The '05 model year was the next big thing for the Grand, with the 4.0L dumped in favor of a new 210hp 226ci 3.7L PowerTech V-6 that made 235 lb-ft or torque and featured 9.6:1 compression ratio and was standard on Laredos. The 287ci 4.7L PowerTech V-8 made 230 hp and 290 lb-ft of torque with 9.0:1 compression and was standard on the Limited, and a new 5.7L Hemi V-8, cranking out 325 hp and 370 lb-ft of torque with 9.6:1 compression, was optional on the Limited 4x4. The middle-of-the-pack 4.7L V-8 returned, but with 230 hp and 290 lb-ft of torque. By the '06 model year, its horsepower was 235 and the torque up to 305 lb-ft. The Hemi also saw a little improvement-330 hp and 375 lb-ft of torque.

Introduced in 2006 was the SRT8, which got a tasty 6.1L Hemi that made 415 hp and 410 lb-ft of torque and had 10.3:1 compression, but that's about the only upside to the street-bred Jeep. By 2006 the numbers had increased to 432 hp and 420 lb-ft of torque. And for 2007 the hot word was "diesel," as in a 3.0L common-rail variety made by Mercedes-Benz and that put out 215 hp and 376 lb-ft of torque. The same year, the Grand's 4.7L became capable of running on the other alternative fuel, ethanol (E85).

The Transmission
There are a few freaks out there, but this time we don't mean you. We're talking about manual ZJs. During the '93, '94, and '95 model years, there was a smattering of the standard full-synchro Aisin-Seiki AX15 five-speeds hooked to the 4.0L in the base and Laredo models. The more common sighting was the four-speed automatic with Overdrive (42RE), standard on the Limited, but a pretty commonly picked option on the other two. For the '99 model year, the automatic transmission became the four-speed 45RFE, and for the '01 model year, the 545RFE automatic was new for the 4.7L and given a second Overdrive ratio, intended for better fuel economy and less engine noise. For 2005's redesign, the WK used five-speeds across the board: the W5A580 five-speed automatic with Overdrive was partnered with the V-6, while the V-8s had the 545RFE automatic, again utilizing the dual-gear design.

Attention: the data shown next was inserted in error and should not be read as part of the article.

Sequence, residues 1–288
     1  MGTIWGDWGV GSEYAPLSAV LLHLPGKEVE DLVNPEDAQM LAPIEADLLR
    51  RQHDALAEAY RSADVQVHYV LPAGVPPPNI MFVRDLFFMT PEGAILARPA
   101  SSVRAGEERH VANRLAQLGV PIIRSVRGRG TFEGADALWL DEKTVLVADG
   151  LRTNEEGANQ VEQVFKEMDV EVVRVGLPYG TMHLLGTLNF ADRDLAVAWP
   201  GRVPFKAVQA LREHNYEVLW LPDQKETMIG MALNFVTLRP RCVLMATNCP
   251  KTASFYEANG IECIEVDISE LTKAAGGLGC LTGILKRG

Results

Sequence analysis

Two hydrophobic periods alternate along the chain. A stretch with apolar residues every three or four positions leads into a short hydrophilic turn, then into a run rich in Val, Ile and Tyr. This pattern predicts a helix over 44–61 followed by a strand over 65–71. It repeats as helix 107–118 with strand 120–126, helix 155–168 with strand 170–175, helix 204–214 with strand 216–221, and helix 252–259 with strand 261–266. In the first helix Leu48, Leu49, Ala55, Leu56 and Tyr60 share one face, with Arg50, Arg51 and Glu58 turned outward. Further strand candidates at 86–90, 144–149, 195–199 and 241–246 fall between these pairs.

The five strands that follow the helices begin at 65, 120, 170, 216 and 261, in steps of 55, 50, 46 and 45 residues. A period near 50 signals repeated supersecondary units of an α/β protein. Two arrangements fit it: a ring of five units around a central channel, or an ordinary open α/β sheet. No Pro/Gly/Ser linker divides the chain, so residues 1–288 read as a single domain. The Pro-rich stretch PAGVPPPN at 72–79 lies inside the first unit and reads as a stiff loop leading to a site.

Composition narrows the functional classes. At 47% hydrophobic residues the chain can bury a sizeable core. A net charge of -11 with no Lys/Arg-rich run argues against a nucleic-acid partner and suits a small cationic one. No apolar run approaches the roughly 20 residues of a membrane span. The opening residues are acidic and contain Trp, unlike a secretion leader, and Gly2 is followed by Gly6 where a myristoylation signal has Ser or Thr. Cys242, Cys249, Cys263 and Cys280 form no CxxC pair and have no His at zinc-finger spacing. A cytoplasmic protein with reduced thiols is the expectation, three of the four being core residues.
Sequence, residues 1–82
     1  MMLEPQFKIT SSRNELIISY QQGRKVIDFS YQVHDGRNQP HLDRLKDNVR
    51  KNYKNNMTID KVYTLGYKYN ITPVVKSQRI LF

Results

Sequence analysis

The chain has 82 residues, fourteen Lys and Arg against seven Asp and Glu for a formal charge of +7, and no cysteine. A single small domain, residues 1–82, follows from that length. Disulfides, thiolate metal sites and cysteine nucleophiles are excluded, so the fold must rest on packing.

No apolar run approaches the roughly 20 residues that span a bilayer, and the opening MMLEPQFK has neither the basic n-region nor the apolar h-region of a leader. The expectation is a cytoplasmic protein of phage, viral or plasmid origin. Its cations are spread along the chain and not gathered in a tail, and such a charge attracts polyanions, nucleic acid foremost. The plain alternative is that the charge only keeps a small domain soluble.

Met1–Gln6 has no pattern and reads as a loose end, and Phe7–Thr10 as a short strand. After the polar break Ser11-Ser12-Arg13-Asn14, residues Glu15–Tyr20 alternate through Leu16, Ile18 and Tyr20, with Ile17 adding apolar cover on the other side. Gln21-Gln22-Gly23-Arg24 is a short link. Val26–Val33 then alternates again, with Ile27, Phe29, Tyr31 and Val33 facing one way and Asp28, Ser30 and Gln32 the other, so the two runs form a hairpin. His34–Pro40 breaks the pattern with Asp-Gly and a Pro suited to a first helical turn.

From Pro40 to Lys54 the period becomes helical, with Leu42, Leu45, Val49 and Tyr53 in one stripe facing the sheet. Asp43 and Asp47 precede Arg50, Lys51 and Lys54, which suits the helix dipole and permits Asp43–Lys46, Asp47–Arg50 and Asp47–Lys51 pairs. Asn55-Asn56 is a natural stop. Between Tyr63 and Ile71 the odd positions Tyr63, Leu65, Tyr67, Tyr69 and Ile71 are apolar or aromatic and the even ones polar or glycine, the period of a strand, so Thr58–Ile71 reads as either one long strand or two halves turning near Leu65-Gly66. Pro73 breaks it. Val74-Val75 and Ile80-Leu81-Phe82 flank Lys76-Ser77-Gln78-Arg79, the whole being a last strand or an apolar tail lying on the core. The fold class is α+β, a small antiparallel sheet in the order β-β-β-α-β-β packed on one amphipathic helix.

The Transfer Case
The ZJ had the Command-Trac (NP231) part-time system as standard equipment on the base and Laredo, while two full-time systems were optional for them: Quadra-Trac (NP249) and permanent-full-time Selec-Trac (NP242). The standard T-case for the Limited and Grand Wagoneer was the NP249. Two-wheel-drives hit the market in January 1993, while the Limited went with a two-by choice in 1995. That same year, Jeep eliminated Command-Trac.

Meanwhile, the WJ collected the full-time Quadra-Trac II system, although Selec-Trac moved beyond the six-cylinder and became available in the '00 model year with the 4.7L. In 2002 the Overland could be bought as a two-wheel drive. And come 2005, the now-WK had a full-time single-speed T-case (the Quadra-Trac I NV140) mated to the 3.7L. The Quadra-Trac II and the Quadra-Drive II were variations on the NV245 for the V-8s and optional with the 3.6L; Quadra-Drive II utilized electronic limited-slip differentials.

The Suspension/Axles
Hanging from the ZJ was a tuned-up XJ suspension with about an inch-and-a-half more travel. There was a Quadra-Link solid axle frontend (Dana 30) with four locating arms with coils, and the rear pretty much copied that, calling it Quadra-Coil (with a Dana 35). The '96-and-later V-8 Grands got a semi-floating odd-ball Dana 44 rear. Gearing was 3.55s, although 3.73s were optional. The Up Country suspension was available for the base and Laredo and included skidplates, tow hooks, and a 1-inch-higher ride height. Solid axles stayed on for the WJ design, but it all went awry when Jeep caved to independent front suspension in 2005, switching to IFS AAM 790 and AAM 830 axles front and rear, respectively. The V-8s still had 3.73 gears, while the V-6 got 3.07s.

Jeep Autopsy: Grand Cherokee

Wheelbase: 105.9 in. 4.0L inline-six
Overall length: 176.5 in. Displacement: 242 ci
Overall width: 69.3 in. Bore x stroke: 3.88x3.41
Overall height: 64.7 in. Compression ratio: 8.8:1
Curb weight: 3,633 lbs. Horsepower: 190 @ 4,750 rpm
AX-15 five-speed manual
Torque: 225 @ 4,000 rpm
Transfer case:
Induction: Multi-point EFI